Qualitative detection of the NSAIDs diclofenac and ibuprofen in the hair of Eurasian otters (Lutra lutra) occupying UK waterways with GC–MS

Richards, Ngaio L. and Cook, Gemma and Simpson, Vic and Hall, Sarah and Harrison, Nancy M. and Scott, Karen S. (2011) Qualitative detection of the NSAIDs diclofenac and ibuprofen in the hair of Eurasian otters (Lutra lutra) occupying UK waterways with GC–MS. European Journal of Wildlife Research, 57. pp. 1107-1114. ISSN 1439-0574

Full text not available from this repository.
Official URL: http://dx.doi.org/10.1007/s10344-011-0513-2


The pervasiveness of pharmaceuticals such as nonsteroidal anti-inflammatory drugs (NSAIDs) in the aquatic ecosystem through the discharge of wastewater, and their potential to biomagnify within this ecosystem, is now recognised. Residues of diclofenac and ibuprofen are currently being detected in surface waters and aquatic organisms throughout the UK and Europe. However, the levels of these residues in fish and other aquatic organisms, particularly lower trophic level prey species, have not yet been determined. While exposure to diclofenac is known to adversely affect fish, the degree to which other aquatic organisms are exposed and impacted through continuous ingestion of contaminated prey and interaction with the aquatic habitat remains unknown. The extent and effects of exposure to ibuprofen also remain largely unknown. As an exploratory subset of a broader study to investigate the detectability of diclofenac in alternative biological matrices, we analysed hair samples from Eurasian otters (Lutra lutra, n = 28) for residues of the two NSAIDs using GC–MS. The otters were collected from six counties in England as part of an ongoing otter health monitoring project at the Wildlife Veterinary Investigation Centre in Chacewater, UK. Diclofenac was qualitatively detected in five hair wash and 15 extract samples, and ibuprofen was determined to be present in at least two of the hair extract samples. Here, we provide preliminary evidence that otters are exposed to both NSAIDs and argue for further studies to identify residue loads in the otters and their prey to fully assess the pervasiveness of these compounds and potential risks of ongoing exposure to them.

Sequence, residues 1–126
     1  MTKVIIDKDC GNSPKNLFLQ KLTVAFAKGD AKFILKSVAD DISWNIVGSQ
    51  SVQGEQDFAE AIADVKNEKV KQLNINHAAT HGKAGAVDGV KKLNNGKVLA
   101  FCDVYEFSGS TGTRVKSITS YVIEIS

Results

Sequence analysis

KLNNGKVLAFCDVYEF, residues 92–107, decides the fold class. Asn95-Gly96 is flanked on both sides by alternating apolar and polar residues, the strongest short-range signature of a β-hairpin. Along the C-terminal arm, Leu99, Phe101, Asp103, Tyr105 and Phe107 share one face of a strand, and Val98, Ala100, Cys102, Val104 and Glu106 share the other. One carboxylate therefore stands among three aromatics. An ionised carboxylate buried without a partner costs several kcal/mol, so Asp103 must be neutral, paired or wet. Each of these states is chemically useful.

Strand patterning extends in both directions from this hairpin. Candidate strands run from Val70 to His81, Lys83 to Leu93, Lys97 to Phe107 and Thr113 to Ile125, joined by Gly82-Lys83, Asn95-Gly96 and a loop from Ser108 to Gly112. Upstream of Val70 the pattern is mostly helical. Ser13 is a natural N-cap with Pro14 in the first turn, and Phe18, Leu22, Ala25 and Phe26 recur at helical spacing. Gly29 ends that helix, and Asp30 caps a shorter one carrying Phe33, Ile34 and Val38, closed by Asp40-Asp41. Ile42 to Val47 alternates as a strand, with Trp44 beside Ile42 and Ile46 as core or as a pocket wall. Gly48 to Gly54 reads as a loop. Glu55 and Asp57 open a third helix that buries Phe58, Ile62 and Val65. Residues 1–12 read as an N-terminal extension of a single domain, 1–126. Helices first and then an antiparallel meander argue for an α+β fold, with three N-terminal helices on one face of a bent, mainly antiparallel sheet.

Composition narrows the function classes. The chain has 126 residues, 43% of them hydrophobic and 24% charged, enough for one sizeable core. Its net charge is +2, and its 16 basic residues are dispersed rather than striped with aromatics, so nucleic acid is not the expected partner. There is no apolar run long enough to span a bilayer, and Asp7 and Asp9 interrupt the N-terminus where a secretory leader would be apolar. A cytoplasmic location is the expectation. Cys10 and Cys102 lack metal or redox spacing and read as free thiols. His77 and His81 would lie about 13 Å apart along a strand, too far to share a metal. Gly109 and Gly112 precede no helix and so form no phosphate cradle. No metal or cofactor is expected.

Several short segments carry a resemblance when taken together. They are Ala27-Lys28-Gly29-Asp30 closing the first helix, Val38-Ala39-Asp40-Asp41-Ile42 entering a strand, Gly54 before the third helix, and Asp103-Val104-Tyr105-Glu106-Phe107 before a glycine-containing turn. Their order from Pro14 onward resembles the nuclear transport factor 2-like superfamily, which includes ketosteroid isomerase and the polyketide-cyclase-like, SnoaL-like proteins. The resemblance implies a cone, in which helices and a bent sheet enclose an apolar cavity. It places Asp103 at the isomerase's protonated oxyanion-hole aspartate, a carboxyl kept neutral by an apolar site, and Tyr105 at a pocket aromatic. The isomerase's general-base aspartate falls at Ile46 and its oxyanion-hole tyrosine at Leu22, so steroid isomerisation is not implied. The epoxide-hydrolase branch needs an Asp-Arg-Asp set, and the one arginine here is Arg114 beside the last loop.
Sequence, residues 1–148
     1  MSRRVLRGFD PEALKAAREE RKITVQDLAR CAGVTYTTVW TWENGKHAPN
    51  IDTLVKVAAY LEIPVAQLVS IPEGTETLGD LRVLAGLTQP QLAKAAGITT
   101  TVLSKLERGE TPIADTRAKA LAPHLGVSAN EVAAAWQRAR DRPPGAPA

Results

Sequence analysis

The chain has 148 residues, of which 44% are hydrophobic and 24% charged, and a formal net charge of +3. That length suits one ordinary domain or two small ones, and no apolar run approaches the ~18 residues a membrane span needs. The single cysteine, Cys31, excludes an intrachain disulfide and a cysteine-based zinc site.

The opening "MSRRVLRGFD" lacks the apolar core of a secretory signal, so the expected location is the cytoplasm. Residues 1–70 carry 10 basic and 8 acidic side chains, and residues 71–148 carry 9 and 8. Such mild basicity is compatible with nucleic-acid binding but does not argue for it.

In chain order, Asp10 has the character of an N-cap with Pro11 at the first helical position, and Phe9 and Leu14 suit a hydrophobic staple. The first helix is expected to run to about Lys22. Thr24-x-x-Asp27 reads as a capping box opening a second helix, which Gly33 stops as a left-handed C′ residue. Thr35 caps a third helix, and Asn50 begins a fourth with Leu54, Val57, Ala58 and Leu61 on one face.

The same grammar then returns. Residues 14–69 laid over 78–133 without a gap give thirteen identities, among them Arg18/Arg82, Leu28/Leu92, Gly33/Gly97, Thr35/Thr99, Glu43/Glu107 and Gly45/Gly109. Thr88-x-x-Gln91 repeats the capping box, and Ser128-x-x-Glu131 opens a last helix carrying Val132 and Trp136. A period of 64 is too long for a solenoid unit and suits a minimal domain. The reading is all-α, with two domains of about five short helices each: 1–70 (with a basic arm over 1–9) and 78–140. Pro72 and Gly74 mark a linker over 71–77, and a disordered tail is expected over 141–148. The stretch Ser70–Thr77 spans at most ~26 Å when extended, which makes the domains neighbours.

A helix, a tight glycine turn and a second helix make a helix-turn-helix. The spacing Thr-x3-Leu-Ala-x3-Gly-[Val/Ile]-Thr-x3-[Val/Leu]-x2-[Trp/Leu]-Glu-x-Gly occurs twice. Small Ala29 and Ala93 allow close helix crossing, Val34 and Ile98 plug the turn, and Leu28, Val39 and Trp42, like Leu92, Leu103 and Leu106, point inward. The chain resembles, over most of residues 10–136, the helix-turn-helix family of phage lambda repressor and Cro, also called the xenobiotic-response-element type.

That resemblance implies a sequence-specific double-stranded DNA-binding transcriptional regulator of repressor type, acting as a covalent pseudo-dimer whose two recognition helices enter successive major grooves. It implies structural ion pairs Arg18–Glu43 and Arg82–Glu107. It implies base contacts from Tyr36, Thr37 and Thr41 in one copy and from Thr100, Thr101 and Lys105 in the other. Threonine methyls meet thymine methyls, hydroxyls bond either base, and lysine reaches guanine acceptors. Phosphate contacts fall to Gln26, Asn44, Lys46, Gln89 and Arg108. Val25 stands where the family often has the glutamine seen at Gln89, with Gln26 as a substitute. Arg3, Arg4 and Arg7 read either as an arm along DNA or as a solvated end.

Item Type: Journal Article
Keywords: Non-invasive monitoring, Aquatic ecosystem contamination, Pharmaceutical contamination, Hair analysis, NSAID
Faculty: ARCHIVED Faculty of Science & Technology (until September 2018)
Depositing User: Repository Admin
Date Deposited: 17 Sep 2013 14:07
Last Modified: 09 Sep 2021 16:17
URI: https://arro.anglia.ac.uk/id/eprint/301732

Actions (login required)

Edit Item Edit Item